This book was on a table at the library promoting young adult literature, and the author had been at LeakyCon, so I put it on my list. It started off clunky, as young adult novels often do, in that "OK, so some stuff happened before... See it? Got it? OK..." kind of way. Taylor first has to explain Karou's ex-boyfriend, her best friend, and then her whole life up to the point at which she is an art student in Prague. Long story short, she's been raised by chimeras and goes running teeth-collecting errands through portals for the creature who raised her. When it really got time for the story to start, the first half of it was rather unnecessary. But then the story really starts and makes up for it.
Karou's inhuman family keeps parts of her own life a secret from her, and she always feels like there is something that she has forgotten about herself. One day, she meets Akiva, an angel. OK, not a problem, the girl deals with monsters on a regular basis. Except that this angel burns all the portals and probably her chimera family inside their home. Problem. Inexplicably, the tattoos that Karou has had apparently since birth are a powerful weapon against Akiva. Also inexplicably, Akiva, though he knows he should kill this girl who is on the side of the "demon" chimeras, can't bring himself to do so. There is some really great banter between them as they negotiate what they know and feel about each other. Akiva can't believe that chimeras could actually be kind enough to raise a human child. Along the way, we find out the backstory of the angels vs chimera war, which unfolds from Akiva's point of view in an excellent past/present jump sequence. Then there is a big reveal, and Karou finally remembers who she is and who she was.
I really can't write any more about this without spoiling it, but rest assured that I am fired up for the sequel, waiting on my shelf. A
"Marbles: Mania, Depression, Michelangelo and Me" by Ellen Forney
The title appealed to me when I saw it in the library, so I grabbed it. This book is a "graphic memoir" about the author's life with bipolar disorder. I think that the illustrations add a lot as she chronicles her steps through therapy, medication, manic episodes, depression, yoga, work, and finally, balance. She spends a lot of time addressing the artist's dilemma: lots of great artists had mental illness; did the mental illness enhance their craft? She doesn't want to let go of her identity as a crazy artist, but also knows that a lot of those artists killed themselves or were institutionalized. I felt like this personal account was helpful to me as I sort through my own mental health issues because the author methodically lays out the ways that bipolar disorder negatively affected her life, and the benefits of sticking to getting better. B+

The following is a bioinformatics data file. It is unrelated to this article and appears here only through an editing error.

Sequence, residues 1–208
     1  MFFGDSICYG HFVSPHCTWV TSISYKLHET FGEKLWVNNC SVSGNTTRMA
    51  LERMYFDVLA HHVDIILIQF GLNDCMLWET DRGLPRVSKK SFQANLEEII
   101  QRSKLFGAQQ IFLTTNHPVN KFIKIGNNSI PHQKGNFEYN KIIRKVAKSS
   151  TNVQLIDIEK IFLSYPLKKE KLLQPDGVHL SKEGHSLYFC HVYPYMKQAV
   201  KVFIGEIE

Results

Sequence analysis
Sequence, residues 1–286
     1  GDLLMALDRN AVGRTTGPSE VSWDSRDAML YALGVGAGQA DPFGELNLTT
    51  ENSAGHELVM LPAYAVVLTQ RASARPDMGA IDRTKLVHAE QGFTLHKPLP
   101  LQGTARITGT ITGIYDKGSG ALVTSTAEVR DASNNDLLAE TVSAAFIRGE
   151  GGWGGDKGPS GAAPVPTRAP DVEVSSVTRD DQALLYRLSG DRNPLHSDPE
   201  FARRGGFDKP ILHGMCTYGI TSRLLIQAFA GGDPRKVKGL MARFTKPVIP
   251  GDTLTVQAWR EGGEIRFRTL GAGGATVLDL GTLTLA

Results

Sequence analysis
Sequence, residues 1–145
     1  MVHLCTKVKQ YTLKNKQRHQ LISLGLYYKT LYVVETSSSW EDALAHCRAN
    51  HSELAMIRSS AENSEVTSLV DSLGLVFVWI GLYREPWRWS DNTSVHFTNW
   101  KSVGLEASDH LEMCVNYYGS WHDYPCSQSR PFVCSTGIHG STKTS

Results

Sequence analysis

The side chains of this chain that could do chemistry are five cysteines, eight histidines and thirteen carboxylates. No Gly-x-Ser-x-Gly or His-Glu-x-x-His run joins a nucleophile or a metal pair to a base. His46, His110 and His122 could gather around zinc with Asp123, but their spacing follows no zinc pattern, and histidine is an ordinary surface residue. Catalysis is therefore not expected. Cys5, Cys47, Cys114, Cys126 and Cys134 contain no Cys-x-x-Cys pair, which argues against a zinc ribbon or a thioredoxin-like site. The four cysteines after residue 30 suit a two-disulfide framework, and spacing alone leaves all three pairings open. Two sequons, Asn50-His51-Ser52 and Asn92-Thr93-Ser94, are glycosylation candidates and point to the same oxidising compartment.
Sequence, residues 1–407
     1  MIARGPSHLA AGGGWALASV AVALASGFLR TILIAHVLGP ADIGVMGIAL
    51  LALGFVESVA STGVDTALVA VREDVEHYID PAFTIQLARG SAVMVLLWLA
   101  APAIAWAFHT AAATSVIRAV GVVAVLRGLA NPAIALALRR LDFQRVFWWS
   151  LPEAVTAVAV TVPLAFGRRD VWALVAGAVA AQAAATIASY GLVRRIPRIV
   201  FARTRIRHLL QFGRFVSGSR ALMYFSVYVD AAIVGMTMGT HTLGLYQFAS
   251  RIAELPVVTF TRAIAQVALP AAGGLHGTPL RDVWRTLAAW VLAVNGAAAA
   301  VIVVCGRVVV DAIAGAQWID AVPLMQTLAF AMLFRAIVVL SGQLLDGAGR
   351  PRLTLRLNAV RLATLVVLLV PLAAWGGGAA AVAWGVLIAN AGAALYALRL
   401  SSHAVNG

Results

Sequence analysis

"Huntress" by Malinda Lo
This book is a prequel to a book called "Ash," and since I like reading things in chronological order, I wanted to read this one first. The story is supposed to be based on the I Ching, which I have not read or researched, so I can't draw any parallels. I will say, it's not everyday that you find young adult lesbian fantasy fiction. The author, I found out later, used to write for AfterEllen.com.
Kaede, a lord's daughter, and Taisin, a sage-in-training, go on a quest to find the Fairy Queen. Before they even meet, Taisin has a vision of Kaede going alone to an ice fortress, and the only other thing that Taisin feels in the vision is her profound love for "this person" whom she does not know. So does she fall in love because of the vision, or does she have the vision because she will eventually fall in love? Oh, questions. Lo manages the queer flavor of the book matter-of-factly; at the beginning of the book, when Kaede is faced with the prospect of marriage to some lord's son, she states that she can't marry any man. Her mentor sighs and says "It's not likely that you'll be able to make a political marriage with another woman. It's happened before, but rarely." So homosexuality is a fact of life in this society, therefore, the romantic characters don't have to tear themselves up about being queer, just that their romance interferes with Taisin's life goal of becoming a celibate sage. Well played. However, the book's plot is not really clear, and ends abruptly, so I will have to see how it is supposed to lead on to the next book. B-